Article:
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Legislators’ hot air puts brakes on wind farms

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Counties in northeastern North Carolina are making real progress in developing wind energy. Unfortunately, the Republicans who control the state legislature are doing all they can to put the brakes on that progress.

Pasquotank and Perquimans counties are home to the Amazon Wind Farm, with 104 turbines capable of powering 61,000 homes. The developer of that wind farm is working on plans to develop an offshore wind project near Kitty Hawk.

This should be good news for North Carolina and beyond. It makes sense for the United States to develop green energy rather than relying heavily on carbon-based fuels. The supplies of coal, oil and gas are dwindling fast, and burning them is polluting our air and contributing to climate change, with all its bad effects.

For the people in the rural, poor areas in the northeastern part of the state, green energy projects can be a real boon. Farmers get needed income by leasing some of their land to wind farms and solar farms. Often, those leases make it possible for the farmers to continue farming rather than selling their land for development. And the energy projects mean jobs for some local people.

But Republican legislators keep trying to block development of wind farms.

Earlier this year, a bill was introduced in the state Senate to ban wind farms permanently in areas where they might be in conflict with military bases. When that bill stalled, it was rewritten as a three-year moratorium on new wind energy projects. That bill recently passed the Senate, but legislators were already saying they would probably rewrite it yet again.

The sponsors call the bill the Military Base Protection Act. They say they are trying to make sure that wind turbines don’t cause problems in flight paths around military bases. They talk about interfering with national security, as well as putting military bases in North Carolina in jeopardy if there is another round of base closings. Opponents of wind farms have also said the ones in northeastern North Carolina might interfere with military radar just across the state line in Hampton Roads, Virginia.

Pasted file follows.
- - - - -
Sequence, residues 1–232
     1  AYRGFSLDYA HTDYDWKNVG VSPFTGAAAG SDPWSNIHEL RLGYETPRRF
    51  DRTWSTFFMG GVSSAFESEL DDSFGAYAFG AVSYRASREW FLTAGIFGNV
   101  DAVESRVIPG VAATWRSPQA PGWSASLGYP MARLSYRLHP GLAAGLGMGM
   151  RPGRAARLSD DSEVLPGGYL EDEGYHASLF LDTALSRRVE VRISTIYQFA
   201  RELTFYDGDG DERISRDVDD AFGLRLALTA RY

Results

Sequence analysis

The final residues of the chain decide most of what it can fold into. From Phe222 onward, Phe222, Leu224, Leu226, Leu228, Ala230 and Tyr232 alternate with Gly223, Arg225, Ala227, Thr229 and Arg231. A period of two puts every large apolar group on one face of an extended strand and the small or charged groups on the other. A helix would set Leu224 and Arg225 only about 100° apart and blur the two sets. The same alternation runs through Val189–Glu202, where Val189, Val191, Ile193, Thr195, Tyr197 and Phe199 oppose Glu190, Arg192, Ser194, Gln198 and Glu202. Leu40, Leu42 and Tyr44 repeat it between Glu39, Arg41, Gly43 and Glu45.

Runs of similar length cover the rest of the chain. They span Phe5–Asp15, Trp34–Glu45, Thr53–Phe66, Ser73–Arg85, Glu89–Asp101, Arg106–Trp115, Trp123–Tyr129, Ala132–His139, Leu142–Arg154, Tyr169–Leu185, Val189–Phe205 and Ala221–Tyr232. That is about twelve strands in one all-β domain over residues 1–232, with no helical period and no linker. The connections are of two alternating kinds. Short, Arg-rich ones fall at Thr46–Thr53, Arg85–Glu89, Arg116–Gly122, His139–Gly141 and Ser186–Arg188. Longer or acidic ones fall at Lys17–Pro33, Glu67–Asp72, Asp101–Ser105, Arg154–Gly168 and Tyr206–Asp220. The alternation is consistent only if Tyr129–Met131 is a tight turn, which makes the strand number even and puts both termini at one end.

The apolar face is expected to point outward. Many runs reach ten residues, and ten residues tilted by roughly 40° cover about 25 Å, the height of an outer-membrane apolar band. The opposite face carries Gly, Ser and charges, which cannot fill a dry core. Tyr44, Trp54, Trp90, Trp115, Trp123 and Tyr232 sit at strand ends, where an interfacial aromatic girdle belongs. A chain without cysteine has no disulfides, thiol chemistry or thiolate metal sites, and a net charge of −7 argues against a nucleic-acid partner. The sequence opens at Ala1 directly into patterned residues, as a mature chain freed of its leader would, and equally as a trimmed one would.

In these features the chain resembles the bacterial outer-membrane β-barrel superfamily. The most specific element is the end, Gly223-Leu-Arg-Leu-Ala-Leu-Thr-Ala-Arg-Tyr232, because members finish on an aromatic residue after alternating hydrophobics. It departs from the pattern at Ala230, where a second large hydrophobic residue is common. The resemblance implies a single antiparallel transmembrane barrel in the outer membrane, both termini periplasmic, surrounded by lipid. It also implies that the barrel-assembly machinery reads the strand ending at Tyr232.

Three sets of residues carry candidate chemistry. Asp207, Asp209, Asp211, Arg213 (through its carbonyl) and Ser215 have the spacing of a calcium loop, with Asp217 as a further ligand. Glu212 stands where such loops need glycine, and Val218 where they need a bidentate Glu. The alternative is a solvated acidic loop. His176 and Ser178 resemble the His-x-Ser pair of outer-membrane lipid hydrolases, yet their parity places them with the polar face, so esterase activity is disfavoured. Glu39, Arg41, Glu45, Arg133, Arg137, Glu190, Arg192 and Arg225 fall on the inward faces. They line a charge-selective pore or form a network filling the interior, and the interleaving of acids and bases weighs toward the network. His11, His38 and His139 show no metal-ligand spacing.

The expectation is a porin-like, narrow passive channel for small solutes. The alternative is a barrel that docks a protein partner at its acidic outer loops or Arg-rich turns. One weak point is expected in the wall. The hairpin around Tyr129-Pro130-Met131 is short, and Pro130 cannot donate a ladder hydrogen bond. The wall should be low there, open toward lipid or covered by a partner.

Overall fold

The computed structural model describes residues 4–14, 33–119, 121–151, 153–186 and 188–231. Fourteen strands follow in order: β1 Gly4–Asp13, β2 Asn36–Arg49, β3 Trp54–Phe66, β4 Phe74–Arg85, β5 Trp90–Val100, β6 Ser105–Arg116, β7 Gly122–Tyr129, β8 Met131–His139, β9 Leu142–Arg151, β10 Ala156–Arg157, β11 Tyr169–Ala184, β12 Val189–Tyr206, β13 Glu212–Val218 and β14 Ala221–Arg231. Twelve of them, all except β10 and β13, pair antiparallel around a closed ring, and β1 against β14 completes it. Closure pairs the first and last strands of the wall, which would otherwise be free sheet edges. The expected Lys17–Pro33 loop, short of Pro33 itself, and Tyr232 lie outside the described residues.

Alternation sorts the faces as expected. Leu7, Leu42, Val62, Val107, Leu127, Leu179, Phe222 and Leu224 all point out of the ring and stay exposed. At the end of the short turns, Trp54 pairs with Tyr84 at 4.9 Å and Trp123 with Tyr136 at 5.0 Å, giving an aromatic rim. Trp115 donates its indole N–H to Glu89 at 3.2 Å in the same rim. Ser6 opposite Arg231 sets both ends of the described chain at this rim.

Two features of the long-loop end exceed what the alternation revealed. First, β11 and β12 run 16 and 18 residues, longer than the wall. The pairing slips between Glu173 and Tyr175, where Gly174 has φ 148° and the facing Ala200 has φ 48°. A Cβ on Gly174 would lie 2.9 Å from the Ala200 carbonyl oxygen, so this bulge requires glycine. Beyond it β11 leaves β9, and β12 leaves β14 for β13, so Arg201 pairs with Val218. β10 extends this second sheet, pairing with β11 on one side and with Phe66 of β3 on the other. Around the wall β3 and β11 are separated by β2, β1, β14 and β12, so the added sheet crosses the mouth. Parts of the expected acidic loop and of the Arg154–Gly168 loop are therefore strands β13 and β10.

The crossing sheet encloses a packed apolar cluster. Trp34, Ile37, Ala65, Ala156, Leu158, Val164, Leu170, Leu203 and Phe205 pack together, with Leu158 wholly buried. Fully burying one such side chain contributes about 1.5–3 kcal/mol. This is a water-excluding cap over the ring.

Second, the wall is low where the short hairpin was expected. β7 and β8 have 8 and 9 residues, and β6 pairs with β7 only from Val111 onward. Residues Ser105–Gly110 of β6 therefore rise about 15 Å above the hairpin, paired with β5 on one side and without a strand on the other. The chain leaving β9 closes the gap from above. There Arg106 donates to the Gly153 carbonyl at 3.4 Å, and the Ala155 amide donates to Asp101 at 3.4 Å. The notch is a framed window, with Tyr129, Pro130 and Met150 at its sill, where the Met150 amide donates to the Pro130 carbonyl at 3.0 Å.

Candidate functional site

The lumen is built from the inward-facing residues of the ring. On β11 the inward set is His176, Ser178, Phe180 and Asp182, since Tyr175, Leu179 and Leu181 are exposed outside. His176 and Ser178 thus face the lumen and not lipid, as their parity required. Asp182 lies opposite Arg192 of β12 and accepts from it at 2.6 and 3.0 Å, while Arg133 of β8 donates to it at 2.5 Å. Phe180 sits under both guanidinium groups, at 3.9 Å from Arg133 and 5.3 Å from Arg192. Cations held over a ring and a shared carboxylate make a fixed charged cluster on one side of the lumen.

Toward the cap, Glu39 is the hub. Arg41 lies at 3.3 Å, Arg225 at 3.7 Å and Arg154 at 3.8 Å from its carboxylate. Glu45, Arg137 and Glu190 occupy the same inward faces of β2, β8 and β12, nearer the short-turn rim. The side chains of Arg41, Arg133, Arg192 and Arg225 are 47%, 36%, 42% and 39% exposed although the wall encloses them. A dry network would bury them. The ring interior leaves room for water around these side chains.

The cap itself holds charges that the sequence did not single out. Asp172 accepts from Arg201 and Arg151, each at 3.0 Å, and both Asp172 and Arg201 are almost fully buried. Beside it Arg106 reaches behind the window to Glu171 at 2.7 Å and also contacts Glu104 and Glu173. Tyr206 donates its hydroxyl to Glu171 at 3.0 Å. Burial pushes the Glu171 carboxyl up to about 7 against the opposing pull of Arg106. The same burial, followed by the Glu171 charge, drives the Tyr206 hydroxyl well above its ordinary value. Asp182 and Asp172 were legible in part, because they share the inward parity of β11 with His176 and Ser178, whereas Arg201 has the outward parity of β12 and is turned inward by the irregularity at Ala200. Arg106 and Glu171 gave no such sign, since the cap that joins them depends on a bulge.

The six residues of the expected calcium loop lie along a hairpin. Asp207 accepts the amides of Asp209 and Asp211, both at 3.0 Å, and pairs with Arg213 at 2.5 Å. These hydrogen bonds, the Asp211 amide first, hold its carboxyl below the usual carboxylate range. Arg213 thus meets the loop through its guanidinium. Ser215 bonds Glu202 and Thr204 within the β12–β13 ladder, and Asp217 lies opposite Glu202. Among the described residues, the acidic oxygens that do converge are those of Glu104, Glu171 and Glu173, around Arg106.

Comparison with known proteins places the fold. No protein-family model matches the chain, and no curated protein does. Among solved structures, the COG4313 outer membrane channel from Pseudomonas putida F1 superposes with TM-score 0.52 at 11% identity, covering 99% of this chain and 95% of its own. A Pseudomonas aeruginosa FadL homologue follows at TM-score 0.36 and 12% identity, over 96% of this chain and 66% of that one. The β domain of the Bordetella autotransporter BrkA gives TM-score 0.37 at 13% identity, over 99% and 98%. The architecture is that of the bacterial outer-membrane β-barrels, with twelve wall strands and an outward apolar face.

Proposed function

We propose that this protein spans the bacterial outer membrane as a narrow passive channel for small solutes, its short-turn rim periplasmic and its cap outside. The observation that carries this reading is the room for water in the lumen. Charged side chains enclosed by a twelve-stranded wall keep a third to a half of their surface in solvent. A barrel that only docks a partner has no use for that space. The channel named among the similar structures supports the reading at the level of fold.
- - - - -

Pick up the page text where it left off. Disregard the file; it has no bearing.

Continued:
But the Pentagon has said more than once that the wind farms pose no threat to national security. The military has a process in place for reviewing wind farm proposals and recommending any needed changes, and it’s handling it just fine without this kind of help from North Carolina’s legislators.

The Pentagon also has other, bigger-picture worries. Sea-level rise related to climate change is a real threat to national security at Navy and military bases along the Virginia and North Carolina coasts, for example, and the military is working to move away from heavy dependence on fossil fuels. Green energy development can help.

Some of the same legislators who are so opposed to wind farms have been supporters of the fossil fuel industry.

On the federal level, the Trump administration is pushing coal and fossil fuels and doing little or nothing to promote clean energy.

The battle over wind energy has moved largely into the states.

A three-year moratorium on new wind energy projects in North Carolina could be almost as devastating to the promising new industry as an outright ban. Companies will look to other, more welcoming states rather than waiting to see what happens here.

Once again, North Carolina’s legislators will be dragging the state back into the past, at the expense of us all.

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